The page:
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The troubling aspect for the CDU isn’t that it did so poorly in Hamburg, which has traditionally leaned toward the SPD, but that it seems to be losing voters to more right-wing alternatives, including the mildly eurosceptic Alternative für Deutschland (AfD, Alternative for Germany), which actively advocates that Greece and other countries leave the eurozone. It’s the four state where the AfD has now surpassed the minimal threshold to win seats in the state parliament/assembly.  Continue reading AfD, FDP thrive in Hamburg state elections

Germany’s Left Party comes of age with Ramelow victory

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After months of inter-party negotiations, the east-central German state of Thuringia will have a government led by Bodo Ramelow, the state leader of the democratic socialist Die Linke (Left Party).thuringiaGermany Flag Icon

On the surface, it means that Die Linke, partially the successor to  Socialist Unity Party (SED) that ruled the eastern German Democratic Republic, will control a state government for the first time since reunification, which has bred a significant amount of controversy:

Never before in a fully democratic Germany has a regional election triggered so much protest, with thousands demonstrating outside the parliament in Erfurt on Thursday evening ahead of the vote, declaring that the “perpetrators” were heading back into office.

Demonstrators included former East German dissidents, some of whom had spent time behind bars for their opposition views. They shouted “Stasi out!” in reference to East Germany’s repressive secret police, and “The Social Democrats have betrayed us”.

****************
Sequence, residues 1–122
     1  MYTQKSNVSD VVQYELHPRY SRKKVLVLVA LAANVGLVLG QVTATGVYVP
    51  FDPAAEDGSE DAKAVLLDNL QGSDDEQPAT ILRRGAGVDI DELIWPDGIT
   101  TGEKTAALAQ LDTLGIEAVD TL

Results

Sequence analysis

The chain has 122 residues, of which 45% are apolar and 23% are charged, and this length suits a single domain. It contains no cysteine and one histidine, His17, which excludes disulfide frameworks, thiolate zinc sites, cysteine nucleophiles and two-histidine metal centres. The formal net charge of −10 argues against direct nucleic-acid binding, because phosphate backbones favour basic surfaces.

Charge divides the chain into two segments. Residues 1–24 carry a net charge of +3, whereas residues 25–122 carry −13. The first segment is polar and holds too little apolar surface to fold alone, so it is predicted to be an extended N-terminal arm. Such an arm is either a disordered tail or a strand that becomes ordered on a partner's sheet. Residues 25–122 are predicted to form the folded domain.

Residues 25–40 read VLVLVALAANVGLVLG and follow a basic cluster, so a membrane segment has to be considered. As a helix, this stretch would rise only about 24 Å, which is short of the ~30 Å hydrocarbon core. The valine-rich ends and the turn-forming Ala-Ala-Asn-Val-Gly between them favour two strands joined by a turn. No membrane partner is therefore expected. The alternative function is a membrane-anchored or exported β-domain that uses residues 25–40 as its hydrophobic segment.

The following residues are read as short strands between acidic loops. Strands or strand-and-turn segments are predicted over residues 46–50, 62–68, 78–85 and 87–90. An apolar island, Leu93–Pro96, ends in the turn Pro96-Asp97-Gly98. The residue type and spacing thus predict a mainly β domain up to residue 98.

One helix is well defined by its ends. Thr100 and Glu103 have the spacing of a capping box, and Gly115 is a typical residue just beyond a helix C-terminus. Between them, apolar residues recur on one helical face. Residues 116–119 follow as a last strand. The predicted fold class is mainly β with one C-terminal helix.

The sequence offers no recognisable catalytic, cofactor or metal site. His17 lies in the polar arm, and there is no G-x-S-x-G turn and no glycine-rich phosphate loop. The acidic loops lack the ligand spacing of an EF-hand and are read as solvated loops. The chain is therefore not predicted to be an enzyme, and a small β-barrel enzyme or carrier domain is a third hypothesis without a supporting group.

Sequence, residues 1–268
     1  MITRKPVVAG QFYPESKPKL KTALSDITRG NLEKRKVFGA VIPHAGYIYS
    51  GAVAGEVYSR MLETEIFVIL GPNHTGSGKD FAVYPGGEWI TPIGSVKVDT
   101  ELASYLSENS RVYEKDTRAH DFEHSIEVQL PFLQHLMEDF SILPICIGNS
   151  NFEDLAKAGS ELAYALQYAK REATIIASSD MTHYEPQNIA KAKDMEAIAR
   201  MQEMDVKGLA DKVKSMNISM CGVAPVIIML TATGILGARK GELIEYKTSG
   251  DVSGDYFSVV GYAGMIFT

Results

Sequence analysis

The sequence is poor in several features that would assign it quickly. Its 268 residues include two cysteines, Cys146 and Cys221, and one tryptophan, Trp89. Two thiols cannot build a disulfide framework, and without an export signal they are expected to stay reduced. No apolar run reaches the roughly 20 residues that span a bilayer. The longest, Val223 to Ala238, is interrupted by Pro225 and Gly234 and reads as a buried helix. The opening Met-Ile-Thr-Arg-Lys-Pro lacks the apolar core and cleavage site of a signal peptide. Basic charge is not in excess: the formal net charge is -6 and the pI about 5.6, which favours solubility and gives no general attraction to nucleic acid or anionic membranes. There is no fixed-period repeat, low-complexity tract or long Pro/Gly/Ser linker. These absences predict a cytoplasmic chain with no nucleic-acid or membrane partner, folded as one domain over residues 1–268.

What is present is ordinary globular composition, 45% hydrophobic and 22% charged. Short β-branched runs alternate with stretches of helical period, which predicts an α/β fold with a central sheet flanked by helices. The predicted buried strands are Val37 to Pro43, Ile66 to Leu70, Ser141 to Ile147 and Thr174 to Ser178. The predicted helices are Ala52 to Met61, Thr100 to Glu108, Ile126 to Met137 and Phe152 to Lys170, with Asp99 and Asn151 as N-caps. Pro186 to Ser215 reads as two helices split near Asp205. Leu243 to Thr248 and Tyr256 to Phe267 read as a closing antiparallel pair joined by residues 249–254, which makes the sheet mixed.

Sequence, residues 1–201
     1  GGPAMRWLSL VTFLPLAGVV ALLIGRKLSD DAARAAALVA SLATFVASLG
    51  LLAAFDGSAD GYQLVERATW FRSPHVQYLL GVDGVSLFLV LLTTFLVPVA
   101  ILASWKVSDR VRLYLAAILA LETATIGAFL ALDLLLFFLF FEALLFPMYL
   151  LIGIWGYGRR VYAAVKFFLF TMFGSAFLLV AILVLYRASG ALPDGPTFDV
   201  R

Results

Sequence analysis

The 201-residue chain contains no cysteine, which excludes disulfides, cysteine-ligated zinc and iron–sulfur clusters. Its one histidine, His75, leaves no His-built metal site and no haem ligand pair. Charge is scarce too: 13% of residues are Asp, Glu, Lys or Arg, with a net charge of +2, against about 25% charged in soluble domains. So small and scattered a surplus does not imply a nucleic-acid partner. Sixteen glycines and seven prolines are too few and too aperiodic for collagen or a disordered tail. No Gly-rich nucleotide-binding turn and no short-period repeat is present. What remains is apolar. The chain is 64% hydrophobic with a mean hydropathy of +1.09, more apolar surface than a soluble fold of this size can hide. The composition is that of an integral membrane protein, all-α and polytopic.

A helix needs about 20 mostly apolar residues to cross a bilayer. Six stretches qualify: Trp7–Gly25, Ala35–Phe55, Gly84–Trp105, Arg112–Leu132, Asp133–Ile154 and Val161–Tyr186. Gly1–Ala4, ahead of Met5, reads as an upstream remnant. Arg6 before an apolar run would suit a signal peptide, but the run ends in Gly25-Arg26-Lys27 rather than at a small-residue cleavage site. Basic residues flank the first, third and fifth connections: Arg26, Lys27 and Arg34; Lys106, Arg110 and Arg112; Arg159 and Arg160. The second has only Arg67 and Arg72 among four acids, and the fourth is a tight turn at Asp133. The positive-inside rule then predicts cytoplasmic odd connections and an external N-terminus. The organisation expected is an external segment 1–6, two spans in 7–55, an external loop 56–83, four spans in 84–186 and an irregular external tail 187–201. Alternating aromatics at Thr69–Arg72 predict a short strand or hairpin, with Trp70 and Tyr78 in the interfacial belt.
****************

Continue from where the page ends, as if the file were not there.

Even center-right chancellor Angela Merkel has used stark language to reject a Left-led government, arguing that Ramelow’s victory is equivalent to putting Karl Marx in charge of government.

But that’s a fairly oversimplified narrative.

Ramelow and the Left will govern in coalition with two far more moderate center-left parties, the Die Grünen (the Greens) and the Sozialdemokratische Partei Deutschlands (SPD, Social Democratic Party). The SPD, nationally, governs in a ‘grand coalition’ with chancellor Merkel’s conservative Christlich Demokratische Union Deutschlands (CDU, Christian Democratic Union).

Moreover, the Left isn’t even the largest party in the Thuringia Landtag, the regional assembly:

thuringia landtag

Far from bringing a police state or a socialist revolution to the tranquil streets of sleepy Erfurt, the Left will be governing in coalition with two far more moderate partners. With the support of the Greens and the SPD, Ramelow’s government will have a one-vote margin in the Landtag. So even if it wanted to introduce radical far-left measures, the Left wouldn’t get very far.

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RELATED: Thuringia and Brandenburg results: Left & AfD on the rise

RELATED: Left hopes to make eastern breakthrough
in German state elections

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It’s not clear, however, that it wants to do so. Thuringia provides the party with the opportunity that it can govern responsibly, even with a different ideological perspective than Merkel’s prevailing CDU or the moderate SPD. While the Left is relatively pro-Russia, plenty of former chancellors, from Gerhard Schröder to Helmut Kohl, have struck more lenient views toward Russia than most European figures. While the Left is also anti-NATO, that’s because it’s on the more ultra-pacifist side of a political culture that for decades has been incredibly pacifist.

Ramelow, a Lutheran union leader born in West Germany, is hardly a flamethrower, and he’s an advocate of pro-growth, anti-austerity policies. He’s called for wider investment in education and wants to provide a free year of kindergarten to every child in the state.

Continue reading Germany’s Left Party comes of age with Ramelow victory